But then what is the alternative? I see a relational system that produces phenomenal results (in the broad sense not just conscious experience) out of how elements of the system work together. It sounds like "stuff" but it isn't, since various "effects" can be had under various relative contexts (like, real qualia and conscious experience as "seen by your own brain", quantum results without worrying "what does the electron really do" etc.) And - can you buy into that, Allen?

Crude said...

Neil B,

I'd feel odd laying out my beliefs in Allen's blog, seems kind of intrusive. Or maybe I'm just being exceedingly polite.

Either way, I'll write up a post sometime. But suffice to say, I think Dennett's materialism is ridiculous and Tegmark's MUH is comedic. I've mentioned one alternative on my blog (classical and scholastic philosophy, which itself covers a wide variety of views under a larger unified heading), and part of it comes down to rejecting that 'mechanistic' view of the world.

But one area of agreement I can enter with Allen and possibly yourself is: "Materialism" is not proven, or warranted, or even suggested by science. Establishing that is, I think, both the deceptively easy task and a monumentally important one. Can you imagine what philosophy would be like if materialism had to be argued for rather than assumed without argument?

Allen said...

Crude, Neil:

I'm a bit behind on my responses, but I intend to catch up once the sun goes down! The weather's too nice here to spend the day inside!

Crude, I'm also very interested in the details of your position. The sooner the better on that post!

As to my background, I'm a 38 year old software engineer. Up until I read Hans Moravec's book in 2000 or so I was an average scientific realist...e.g., a layman who hadn't given much thought to what science really was, but believed all the stuff I read in magazines and popular books.

Moravec's book was a bit of a revelation, because it points out some of the issues with multiple realizability and functionalism, and also introduced me to the idea of platonic idealism.

So, years passed and I became a bit more familiar with the science and interpretations of QM but didn't really change my views - and then in April of 1998 I read David Chalmers' paper, "Facing Up To The Problem of Consciousness".

And that was another revelation. I saw the problem that had been there all along: why should unconscious matter give rise to consciousness???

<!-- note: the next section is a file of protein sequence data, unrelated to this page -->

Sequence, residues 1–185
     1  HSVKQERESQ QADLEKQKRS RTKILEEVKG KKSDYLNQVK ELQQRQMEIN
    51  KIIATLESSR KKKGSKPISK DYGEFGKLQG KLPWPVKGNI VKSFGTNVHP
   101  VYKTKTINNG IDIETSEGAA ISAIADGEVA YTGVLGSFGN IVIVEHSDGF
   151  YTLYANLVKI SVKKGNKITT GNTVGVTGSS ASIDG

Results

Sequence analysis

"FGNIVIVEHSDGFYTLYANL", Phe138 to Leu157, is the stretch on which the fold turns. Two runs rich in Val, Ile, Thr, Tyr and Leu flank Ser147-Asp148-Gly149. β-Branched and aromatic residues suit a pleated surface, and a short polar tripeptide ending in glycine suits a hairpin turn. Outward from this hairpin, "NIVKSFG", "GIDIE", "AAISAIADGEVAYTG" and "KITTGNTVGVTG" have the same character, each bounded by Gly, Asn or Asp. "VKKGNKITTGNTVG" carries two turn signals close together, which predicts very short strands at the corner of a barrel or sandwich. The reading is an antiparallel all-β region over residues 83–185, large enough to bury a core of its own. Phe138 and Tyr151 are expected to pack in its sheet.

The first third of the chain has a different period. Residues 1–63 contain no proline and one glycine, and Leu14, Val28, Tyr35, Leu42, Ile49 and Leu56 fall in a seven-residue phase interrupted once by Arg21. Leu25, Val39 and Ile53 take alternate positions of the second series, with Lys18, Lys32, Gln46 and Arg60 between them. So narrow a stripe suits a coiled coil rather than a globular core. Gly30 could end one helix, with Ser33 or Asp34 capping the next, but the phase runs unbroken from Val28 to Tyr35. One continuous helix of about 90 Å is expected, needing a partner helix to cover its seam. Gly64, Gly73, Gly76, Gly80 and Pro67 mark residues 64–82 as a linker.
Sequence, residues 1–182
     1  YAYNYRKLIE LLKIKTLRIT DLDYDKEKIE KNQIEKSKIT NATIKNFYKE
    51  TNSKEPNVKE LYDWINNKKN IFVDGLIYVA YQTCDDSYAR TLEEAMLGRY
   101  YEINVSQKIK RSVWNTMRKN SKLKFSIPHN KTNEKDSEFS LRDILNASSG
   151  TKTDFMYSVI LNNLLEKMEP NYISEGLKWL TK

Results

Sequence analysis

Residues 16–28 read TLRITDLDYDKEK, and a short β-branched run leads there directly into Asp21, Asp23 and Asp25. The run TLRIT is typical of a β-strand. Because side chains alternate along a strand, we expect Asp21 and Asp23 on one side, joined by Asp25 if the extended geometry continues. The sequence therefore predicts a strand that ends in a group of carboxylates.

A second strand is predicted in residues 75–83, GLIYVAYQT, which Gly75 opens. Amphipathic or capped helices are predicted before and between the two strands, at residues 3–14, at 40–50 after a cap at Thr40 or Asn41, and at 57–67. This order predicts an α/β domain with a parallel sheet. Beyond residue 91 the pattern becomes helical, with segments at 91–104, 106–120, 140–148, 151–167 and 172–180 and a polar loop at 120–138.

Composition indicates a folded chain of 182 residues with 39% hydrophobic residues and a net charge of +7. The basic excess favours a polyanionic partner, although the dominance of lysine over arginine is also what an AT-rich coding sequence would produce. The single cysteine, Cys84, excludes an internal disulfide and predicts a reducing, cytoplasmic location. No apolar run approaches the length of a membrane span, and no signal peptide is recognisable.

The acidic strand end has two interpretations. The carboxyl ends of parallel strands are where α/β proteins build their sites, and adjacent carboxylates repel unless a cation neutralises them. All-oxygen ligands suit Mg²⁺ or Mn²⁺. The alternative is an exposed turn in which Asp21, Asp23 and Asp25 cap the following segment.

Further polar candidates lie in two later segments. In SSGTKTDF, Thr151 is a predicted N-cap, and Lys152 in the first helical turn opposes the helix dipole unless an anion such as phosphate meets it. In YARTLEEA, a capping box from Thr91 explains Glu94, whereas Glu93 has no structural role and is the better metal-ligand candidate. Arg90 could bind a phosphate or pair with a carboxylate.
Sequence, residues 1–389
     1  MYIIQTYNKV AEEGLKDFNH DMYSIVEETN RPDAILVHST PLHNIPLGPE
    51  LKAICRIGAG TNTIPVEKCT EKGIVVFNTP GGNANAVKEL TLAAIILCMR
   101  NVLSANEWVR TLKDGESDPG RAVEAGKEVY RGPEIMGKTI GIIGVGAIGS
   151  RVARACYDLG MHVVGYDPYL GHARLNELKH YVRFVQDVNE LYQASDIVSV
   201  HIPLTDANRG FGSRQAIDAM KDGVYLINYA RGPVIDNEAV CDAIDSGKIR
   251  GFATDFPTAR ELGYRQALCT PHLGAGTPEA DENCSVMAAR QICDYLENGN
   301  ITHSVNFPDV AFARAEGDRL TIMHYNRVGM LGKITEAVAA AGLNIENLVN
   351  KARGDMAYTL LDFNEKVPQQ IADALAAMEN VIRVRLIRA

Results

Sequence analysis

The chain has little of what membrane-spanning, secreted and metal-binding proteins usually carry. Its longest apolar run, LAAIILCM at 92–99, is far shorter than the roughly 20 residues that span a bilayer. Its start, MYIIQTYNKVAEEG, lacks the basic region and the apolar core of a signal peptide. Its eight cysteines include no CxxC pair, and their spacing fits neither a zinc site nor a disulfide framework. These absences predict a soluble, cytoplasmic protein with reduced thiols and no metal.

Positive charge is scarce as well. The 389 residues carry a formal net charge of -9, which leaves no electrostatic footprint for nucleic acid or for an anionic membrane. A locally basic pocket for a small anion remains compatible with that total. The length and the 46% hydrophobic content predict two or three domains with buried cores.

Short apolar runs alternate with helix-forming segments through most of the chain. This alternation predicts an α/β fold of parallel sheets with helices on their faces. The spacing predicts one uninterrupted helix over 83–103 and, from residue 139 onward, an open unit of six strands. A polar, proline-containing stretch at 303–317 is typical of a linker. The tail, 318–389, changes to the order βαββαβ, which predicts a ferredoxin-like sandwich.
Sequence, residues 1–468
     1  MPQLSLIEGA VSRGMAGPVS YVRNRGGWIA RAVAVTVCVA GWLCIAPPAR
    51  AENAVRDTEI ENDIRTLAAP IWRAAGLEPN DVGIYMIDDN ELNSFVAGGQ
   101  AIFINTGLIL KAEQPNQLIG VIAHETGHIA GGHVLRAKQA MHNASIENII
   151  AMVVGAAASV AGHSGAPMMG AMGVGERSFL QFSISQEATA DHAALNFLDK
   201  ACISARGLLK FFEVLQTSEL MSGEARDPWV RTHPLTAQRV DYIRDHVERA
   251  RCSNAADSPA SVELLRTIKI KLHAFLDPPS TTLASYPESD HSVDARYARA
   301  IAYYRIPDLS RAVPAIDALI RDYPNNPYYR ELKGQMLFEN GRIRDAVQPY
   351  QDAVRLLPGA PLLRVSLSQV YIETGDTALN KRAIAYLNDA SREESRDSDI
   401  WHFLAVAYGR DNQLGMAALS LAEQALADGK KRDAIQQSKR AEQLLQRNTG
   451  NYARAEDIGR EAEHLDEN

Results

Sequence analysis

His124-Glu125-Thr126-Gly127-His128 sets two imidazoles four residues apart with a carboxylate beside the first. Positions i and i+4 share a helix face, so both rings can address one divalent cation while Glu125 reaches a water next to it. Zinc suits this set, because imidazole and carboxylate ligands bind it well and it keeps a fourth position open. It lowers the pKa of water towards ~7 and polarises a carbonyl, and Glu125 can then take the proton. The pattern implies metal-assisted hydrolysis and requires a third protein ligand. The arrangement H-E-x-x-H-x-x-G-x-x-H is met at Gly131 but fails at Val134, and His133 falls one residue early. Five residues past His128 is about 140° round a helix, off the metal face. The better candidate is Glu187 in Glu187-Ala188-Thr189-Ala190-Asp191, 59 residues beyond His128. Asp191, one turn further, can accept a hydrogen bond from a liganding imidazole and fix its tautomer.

And, in the two years since then, that's been my main preoccupation. Trying to come up with some coherent, consistent explanation for my conscious experiences.

And what I've basically concluded is that it makes no sense to construct elaborate theoretical frameworks positing the existence of all manner of fundamental entities and rules that somehow add up to an explanation of conscious experience...

...BECAUSE, then what explains the framework? Why those fundamental entities and rules instead of some other? Why not nothing at all? What is it about the framework that make reality prefer it to nothingness?

If you can't answer those questions, which are basically the same questions you started with about consciousness, then you haven't progressed at all.

But, what possible framework could possible pass that test? How can a framework explain itself as well as conscious experience? And given the problem of free will and causality how can you even justify your belief in any framework?

SO...that led me to:

Conscious experience is fundamental and uncaused.

There are no underlying entities or rules. Each instant of consciousness just exists, in the same way that a materialist would say that the physical world just exists, and in the same way that a theist would claim that God just exists.

Okay, back to the porch!

Allen said...
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Allen said...
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Allen said...

Holy frak. IE went crazy on me and triple posted!



Crude said...


As to my background, I'm a 38 year old software engineer. Up until I read Hans Moravec's book in 2000 or so I was an average scientific realist...e.g., a layman who hadn't given much thought to what science really was, but believed all the stuff I read in magazines and popular books.

Funny, I had a similar attitude towards science. For me, it all came crashing down in another way. That's what I'll get to once I finish writing up the post about the political scientist's research.

Chalmers has been pretty interesting as well.